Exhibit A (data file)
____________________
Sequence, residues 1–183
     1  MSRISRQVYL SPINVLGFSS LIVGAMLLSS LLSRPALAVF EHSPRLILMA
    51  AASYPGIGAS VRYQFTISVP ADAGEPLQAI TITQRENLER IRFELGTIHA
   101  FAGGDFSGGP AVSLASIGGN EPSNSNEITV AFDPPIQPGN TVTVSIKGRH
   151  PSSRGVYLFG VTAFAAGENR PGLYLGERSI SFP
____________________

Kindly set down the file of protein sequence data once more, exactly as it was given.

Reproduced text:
Sequence, residues 1–183
     1  MSRISRQVYL SPINVLGFSS LIVGAMLLSS LLSRPALAVF EHSPRLILMA
    51  AASYPGIGAS VRYQFTISVP ADAGEPLQAI TITQRENLER IRFELGTIHA
   101  FAGGDFSGGP AVSLASIGGN EPSNSNEITV AFDPPIQPGN TVTVSIKGRH
   151  PSSRGVYLFG VTAFAAGENR PGLYLGERSI SFP